mother's easy-chair, with her face hidden. A dreadful fear passed coldly over Jo, as she thought, " Beth is dead, and Meg is afraid to tell me."
She was back at her post in an instant, and to her excited eyes a great change seemed to have taken place. The fever flush, and the look of pain, were gone, and the beloved little face looked so pale and peaceful in its utter repose, that Jo felt no desire to weep or to lament. Leaning low over this dearest of her sisters, she kissed the damp forehead with her heart on her lips, and softly whispered, " Good-by, my Beth ; good-by ! "
As if waked by the stir, Hannah started out of her sleep, hurried to the bed, looked at Beth, felt her hands, listened at her lips, and then, throwing her apron over her head, sat down to rock to and fro, ex- claiming, under her breath, " The fever's turned ; she's sleepin nat'ral ; her skin's damp, and she breathes easy. Praise be given ! Oh, my goodness me ! "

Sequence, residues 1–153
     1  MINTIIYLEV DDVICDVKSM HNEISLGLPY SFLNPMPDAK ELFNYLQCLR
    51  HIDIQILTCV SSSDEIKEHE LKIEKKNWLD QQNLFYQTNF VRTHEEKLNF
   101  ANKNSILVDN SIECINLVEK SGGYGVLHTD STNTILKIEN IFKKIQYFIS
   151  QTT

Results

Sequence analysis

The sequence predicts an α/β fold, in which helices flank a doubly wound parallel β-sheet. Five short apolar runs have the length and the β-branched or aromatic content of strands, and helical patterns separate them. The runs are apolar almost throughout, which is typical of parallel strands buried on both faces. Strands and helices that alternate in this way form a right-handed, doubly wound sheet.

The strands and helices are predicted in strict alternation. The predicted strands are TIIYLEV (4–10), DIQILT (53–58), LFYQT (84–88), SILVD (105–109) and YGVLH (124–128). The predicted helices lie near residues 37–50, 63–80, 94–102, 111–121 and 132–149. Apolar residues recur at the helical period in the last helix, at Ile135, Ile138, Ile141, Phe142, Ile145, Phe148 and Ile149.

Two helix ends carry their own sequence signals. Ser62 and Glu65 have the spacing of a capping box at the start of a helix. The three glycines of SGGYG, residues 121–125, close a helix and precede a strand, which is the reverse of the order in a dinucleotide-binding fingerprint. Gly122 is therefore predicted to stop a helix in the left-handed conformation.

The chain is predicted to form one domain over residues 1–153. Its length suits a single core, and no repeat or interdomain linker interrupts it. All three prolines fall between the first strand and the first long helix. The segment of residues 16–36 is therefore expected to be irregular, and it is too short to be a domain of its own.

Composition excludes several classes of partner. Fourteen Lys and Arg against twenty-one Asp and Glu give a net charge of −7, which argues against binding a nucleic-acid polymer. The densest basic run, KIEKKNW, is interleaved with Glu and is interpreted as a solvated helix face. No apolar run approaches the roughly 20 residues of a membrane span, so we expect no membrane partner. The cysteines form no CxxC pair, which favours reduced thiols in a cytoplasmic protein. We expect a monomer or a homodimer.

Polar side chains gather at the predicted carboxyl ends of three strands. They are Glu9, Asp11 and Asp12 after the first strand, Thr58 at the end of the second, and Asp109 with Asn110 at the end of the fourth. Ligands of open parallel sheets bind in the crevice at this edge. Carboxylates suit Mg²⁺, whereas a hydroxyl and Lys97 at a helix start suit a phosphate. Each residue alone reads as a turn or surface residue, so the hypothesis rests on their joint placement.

Before the girls could believe the happy truth, the doctor came to confirm 'it. He was a homely man, ^ but they thought his face quite heavenly when he |p. smiled, and said, with a fatherly look at them, " Yes, my dears ; I think the little girl will pull through this time. Keep the house quiet ; let her sleep, and when she wakes, give her — "
What they were to give, neither heard ; for both crept into the dark hall, and, sitting on the stairs, held each other close, rejoicing with hearts too full for words. When they went back to be kissed and cud- dled by faithful Hannah, they found Beth lying, as she used to do, with her cheek pillowed on her hand, the